1880 DeVore Farm - No hard surface

Old Cowtown Museum Tour

1880 DeVore Farm - No hard surface

Wichita, Kansas 67203, United States

Created By: Old Cowtown Museum


The DeVore Farm in the Agricultural District at Old Cowtown Museum represents an upper middle class progressive farmer who took advantage of science, inventions and economy to rise to that level.

The average farm in 1875 was 160 acres,

35 acres in corn,

30 acres in wheat,

10 acres in oats.

1-4 acres orchards for personal use or a cash crop

remainder for pasture or fields for hay.

Livestock included

4 meat cattle

two milk cows, - For milk, cream, butter or meat.

three horses, and maybe one mule – for transportation.

two sheep – for meat and wool

20 pigs – for lard for soap making or cooking, as well as the meat.

Flock of chickens for meat and eggs.

Beginning to farm cost a lot of money.

The immigrant farmers needed to:

travel to the area,

buy the land,

provide for a family until the first crop was in and sold.

Build dwellings, barns and outbuildings,

Buy livestock and machinery.

The price of Kansas farmland was cheaper than the Eastern states. Built on Osage Trust land and not eligible for the Homestead Act, it was not free, but it was still a bargain. Many paid for their land in cash, got title to the land, then mortgaged the land for farm improvements, leading to high indebtedness that causes of the agrarian unrest in the 1890s.

As mechanized farming had increased since before the civil war the cost rose as well. Machinery values jumped to become $120 of the average $2000 a farm. The DeVore farm reflects the growing mechanization of farm work through grain reapers, harvesters, binders, grain drills, mowing machines, and sulky (riding) plows. All of these increased productivity and lowered the need for physical labor. Women were needed less in the farm operation wihich brought gender roles more in line with that of the Victorian Culture.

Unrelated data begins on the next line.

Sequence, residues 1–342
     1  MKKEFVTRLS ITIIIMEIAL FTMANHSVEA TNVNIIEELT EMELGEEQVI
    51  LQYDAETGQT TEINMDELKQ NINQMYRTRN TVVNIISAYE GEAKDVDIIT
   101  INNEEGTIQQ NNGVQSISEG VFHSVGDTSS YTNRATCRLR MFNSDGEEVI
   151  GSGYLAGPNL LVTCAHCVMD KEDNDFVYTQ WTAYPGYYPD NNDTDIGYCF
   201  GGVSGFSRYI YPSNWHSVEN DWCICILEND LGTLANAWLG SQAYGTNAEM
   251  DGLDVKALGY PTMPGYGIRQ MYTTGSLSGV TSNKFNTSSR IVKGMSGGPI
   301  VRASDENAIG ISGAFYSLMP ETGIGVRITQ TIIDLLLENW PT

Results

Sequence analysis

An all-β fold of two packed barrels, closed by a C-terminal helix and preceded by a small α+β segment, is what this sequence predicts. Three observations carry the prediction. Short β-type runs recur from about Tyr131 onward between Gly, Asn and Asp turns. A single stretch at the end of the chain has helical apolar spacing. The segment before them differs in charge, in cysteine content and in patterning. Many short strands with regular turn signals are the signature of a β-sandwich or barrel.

Farms in 1880 were hotbeds of experimentation as farmers were anxious to find out what this untested former “Great American Desert” could produce. Lured by the scientific promise that “the rain follows the plow,” they initially planted crops from the East in anticipation that a similar climate would develop. After many failures they found varieties that adapted to the climate. They grew corn, the primary crop and oats which could be sold or fed to their animals while winter wheat (instead of spring wheat), was sold for cash. Lesser crops such as rye, castor beans, flax, cotton, hemp, sorghum and honey rounded out Sedgwick County agricultural production.

To succeed they battled the new climate and unpredictable weather, and the grasshopper infestation of 1874 and spring and 1875. By far their biggest challenge was the cowboys. The City and County spent lot money to recruit the cattle trade by building a railroad to the area. For the farmers, the cowboys did not keep the cattle from the farm fields and their cattle infected the eastern cattle with Texas Tick Fever. Farmers in Sedgwick County joined with local citizens, upset by the prostitution, drunkenness and gambling brought by the cattle trade. In 1875 the two groups joined to persuade the state legislature to move the quarantine line for Texas cattle west of Wichita. After the cowboys and the cattle trade departed in 1876, agriculture played a larger role in the economics of the area. Town businessmen were reluctant to give up the large profits, but farming did hold the promise of constant market for goods rather than the unstable feast and famine cycle of the cattle trade,

Farms in 1880's were not subsistence farms but businesses which affected and were affected by local, state, national and international events. For example, demand for American wheat fell sharply when wheat from Russia flowed once again after the Crimean war, causing American prices to fall dramatically.

Farms were powerful economic and political engines. Through the Grange, a rural based social and political organization, attempted to use their clout and gain a louder and more important political voice for farm related issues like railroad freight charges and low grain prices. They were active through the 1890 in local, state and national politics.

This point of interest is part of the tour: Old Cowtown Museum Tour


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